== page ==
‘We can’t handle it’

Foster kids in legal trouble left adrift

BY MARGIE MENZEL
THE NEWS SERVICE OF FLORIDA

TALLAHASSEE–Thousands of youths in Florida’s child-welfare system have gotten in trouble with the law. When they do, their caregivers often refuse to take them back.

In this file photo, Lisa Alvarez prepares to feed a foster child at home in Kendall, Fla., in 2012. The Alvarez family has fostered more than 90 children, some with difficult medical issues. (PEDRO PORTAL/EL NUEVO HERALD/MCT)
In this file photo, Lisa Alvarez prepares to feed a foster child at home in Kendall, Fla., in 2012. The Alvarez family has fostered more than 90 children, some with difficult medical issues.
(PEDRO PORTAL/EL NUEVO HERALD/MCT)

Now policymakers are trying to improve services to the teens, saying those children had already been abused or neglected when they began acting out in foster care. A work group of the Florida Children and Youth Cabinet has been developing policy recommendations for so-called “crossover youth,” and a meeting on the subject is expected to take place in June.

Highly at risk
The policymakers say these young people are among the most challenging in any state system – and the most at risk to spend their lives behind bars or on public assistance.

“We’ve got to get past the rhetoric and sit down and figure out what’s best for these youths, because if we don’t get it right, they’re going to be in our adult prison system when they’re 20 years old,” said Mark Jones, chief executive officer of the Community Partnership for Children, the private agency in charge of placing foster children in Volusia, Flagler and Putnam counties.

According to the Florida Department of Juvenile Justice, 3.4 percent of the 42,211 youths arrested during fiscal year 2014-15 were living with foster families, other caregivers or in group homes at the time of their offense. That’s 1,428 kids, who averaged 2.4 arrests apiece over 12 months.

“The population isn’t great (in size),” DJJ Secretary Christy Daly said. “It’s just that this population is very, very high-need – and very challenging.”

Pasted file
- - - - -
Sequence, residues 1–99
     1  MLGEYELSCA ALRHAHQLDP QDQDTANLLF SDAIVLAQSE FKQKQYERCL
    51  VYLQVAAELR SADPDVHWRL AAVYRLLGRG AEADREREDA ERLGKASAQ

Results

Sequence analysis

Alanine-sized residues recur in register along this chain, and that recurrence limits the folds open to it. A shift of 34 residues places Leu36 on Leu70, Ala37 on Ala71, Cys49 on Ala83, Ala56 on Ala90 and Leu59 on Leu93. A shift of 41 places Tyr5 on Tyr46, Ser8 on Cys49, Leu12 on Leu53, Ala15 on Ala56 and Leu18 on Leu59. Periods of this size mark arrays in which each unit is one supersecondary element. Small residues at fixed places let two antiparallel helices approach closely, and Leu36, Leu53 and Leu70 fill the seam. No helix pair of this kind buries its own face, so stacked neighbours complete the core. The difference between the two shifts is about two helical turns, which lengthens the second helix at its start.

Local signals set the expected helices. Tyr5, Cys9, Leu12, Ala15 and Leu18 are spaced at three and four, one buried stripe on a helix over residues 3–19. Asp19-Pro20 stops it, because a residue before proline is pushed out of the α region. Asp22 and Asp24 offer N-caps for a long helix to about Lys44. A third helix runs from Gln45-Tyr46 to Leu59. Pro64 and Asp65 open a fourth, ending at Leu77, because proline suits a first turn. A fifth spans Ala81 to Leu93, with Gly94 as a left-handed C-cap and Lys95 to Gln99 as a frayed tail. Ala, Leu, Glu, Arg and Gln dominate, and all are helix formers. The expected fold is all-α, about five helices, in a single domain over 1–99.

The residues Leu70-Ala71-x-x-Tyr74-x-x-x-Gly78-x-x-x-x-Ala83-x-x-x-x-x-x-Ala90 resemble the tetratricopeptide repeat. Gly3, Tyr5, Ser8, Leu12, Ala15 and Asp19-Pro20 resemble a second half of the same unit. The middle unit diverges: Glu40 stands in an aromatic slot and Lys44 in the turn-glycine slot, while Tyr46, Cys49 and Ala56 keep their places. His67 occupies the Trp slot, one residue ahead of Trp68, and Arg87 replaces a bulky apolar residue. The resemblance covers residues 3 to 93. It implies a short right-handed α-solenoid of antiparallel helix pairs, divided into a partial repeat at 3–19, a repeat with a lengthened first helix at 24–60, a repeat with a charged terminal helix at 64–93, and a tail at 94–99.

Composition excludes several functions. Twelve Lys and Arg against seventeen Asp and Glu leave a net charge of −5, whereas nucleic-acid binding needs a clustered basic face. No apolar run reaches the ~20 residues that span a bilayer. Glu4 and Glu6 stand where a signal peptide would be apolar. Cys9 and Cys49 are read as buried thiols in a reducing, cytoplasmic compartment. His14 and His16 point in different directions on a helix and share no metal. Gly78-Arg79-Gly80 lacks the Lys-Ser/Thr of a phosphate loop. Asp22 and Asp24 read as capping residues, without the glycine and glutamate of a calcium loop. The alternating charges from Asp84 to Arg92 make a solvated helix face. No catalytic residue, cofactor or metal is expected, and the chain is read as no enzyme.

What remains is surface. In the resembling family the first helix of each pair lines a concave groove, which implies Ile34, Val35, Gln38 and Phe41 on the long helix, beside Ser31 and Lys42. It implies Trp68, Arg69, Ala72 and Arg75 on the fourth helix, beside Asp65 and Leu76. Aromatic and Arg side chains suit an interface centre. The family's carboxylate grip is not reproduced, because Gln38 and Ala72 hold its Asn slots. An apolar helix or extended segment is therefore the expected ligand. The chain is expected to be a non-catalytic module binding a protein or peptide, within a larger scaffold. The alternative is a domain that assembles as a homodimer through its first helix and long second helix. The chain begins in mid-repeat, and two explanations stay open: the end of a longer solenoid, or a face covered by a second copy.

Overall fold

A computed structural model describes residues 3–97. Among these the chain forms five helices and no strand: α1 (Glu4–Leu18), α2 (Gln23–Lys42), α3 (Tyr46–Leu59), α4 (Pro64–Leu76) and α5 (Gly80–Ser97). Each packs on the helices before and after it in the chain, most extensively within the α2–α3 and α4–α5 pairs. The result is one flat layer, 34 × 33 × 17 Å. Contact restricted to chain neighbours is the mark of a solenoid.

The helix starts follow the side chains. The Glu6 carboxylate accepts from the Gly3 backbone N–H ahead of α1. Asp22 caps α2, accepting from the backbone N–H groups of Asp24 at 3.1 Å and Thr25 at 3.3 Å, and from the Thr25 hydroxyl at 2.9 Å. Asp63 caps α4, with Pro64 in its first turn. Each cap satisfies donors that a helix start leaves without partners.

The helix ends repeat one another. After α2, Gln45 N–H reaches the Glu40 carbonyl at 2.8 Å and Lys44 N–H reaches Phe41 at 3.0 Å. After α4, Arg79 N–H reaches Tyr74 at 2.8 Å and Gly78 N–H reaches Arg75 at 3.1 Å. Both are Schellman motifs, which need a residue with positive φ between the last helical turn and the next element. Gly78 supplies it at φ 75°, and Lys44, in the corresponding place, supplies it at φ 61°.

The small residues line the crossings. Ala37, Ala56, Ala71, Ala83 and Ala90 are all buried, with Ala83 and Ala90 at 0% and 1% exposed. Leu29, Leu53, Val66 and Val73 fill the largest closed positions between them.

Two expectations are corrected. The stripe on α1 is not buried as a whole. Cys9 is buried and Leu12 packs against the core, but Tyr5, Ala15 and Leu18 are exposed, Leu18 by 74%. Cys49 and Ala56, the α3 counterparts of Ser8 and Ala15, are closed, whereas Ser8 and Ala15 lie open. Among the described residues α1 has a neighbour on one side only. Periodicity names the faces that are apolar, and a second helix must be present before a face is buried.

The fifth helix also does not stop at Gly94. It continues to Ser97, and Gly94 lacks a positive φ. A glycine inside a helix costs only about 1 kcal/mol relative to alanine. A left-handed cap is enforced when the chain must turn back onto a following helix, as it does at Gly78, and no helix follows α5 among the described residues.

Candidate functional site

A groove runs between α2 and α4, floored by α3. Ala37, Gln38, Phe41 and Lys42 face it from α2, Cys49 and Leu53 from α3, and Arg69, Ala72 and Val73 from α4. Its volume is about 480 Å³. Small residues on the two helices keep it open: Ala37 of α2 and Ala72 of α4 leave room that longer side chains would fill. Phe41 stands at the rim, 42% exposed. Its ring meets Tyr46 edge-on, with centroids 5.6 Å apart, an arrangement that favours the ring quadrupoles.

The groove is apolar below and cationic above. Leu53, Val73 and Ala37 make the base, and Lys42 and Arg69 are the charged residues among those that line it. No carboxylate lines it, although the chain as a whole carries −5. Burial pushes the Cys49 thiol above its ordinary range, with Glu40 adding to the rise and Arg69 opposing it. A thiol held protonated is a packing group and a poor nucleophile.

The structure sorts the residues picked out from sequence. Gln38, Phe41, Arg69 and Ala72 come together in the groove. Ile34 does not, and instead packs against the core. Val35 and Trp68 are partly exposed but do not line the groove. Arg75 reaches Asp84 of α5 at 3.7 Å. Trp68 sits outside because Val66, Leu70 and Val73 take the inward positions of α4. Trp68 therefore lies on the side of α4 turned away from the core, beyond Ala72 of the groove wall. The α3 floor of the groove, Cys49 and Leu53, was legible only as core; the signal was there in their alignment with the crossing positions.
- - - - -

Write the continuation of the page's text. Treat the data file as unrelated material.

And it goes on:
Many caregivers simply can’t cope with troubled teens after a certain point, said Christina Spudeas, executive director of the advocacy group Florida’s Children First.

“I’ve seen them tell the judge, ‘I’ve got six other kids. I can’t keep missing work. I’m going to lose my job, I’m going to lose my home – because of him,’ “ Spudeas said. “Then they call (the Department of Children and Families).”

Teens locked out
Fed-up foster parents may refuse to care for the youth any longer. Sometimes the caregiver is willing to retrieve the youth following an arrest, but the judge has imposed a no-contact order due to the youth’s previous battery of the caregiver.

These teens are known as “lockouts.” A second category of crossover youth has no caregiver available due to a death, hospitalization or incarceration.

According to the Department of Children and Families, 14 of Florida’s 17 community-based care lead agencies – which handle foster-care placements – spent $7.7 million on services for 610 crossover kids between July 2014 and March 2015. Of the youth who were identified, 326 were lockouts and 284 had no caregiver available.

What’s more, advocates say, teens who have been arrested face harsher penalties without an adult to support them in court.

“The data shows that children who are accompanied by a parent or caring adult get a lesser sentence and the least-restrictive consequences,” Spudeas said.

Child-welfare professionals say that the kids are challenging because they’ve been traumatized.

But it’s unclear how the state can improve its services to them, given the complexities of a system that crosses state agencies – and not just DCF and DJJ.

Behavioral issues
“The root of the issue for a lot of these kids is behavioral health,” DCF Secretary Mike Carroll said.

“A lot of times, we’re not dealing with these kids until they have to come into residential care. … We need to be doing more upstream, so these kids and these families don’t get to that point.”

That means early identification and the coordination of services at the local level. Jones said it could also mean an enhanced placement, such as a specially-trained foster family or a houseparent-style group home with specialized intervention services.

State Rep. Gayle Harrell, the Stuart Republican who chairs the House Children, Families and Seniors Subcommittee, said placement is crucial in such situations.

“Going back into the foster-care system is very problematic because you can’t find a foster family that’s capable of handling them or will handle them,” Harrell said. “And most of them wind up in group homes. And you need to make sure that you have the right type of group home for them.”

What’s more, said Florida Children and Youth Cabinet Chairwoman Wansley Walters, the funding for such services isn’t always available.

“One of the main impediments, when you have kids going between systems, is that it starts breaking down on who pays for what,” said Walters, a former DJJ secretary. “We need the money to follow the child. But we’re not structured to have the money follow the child. And it gets very complex when you’ve got a kid being served in both systems.”

LEAVE A REPLY

Please enter your comment!
Please enter your name here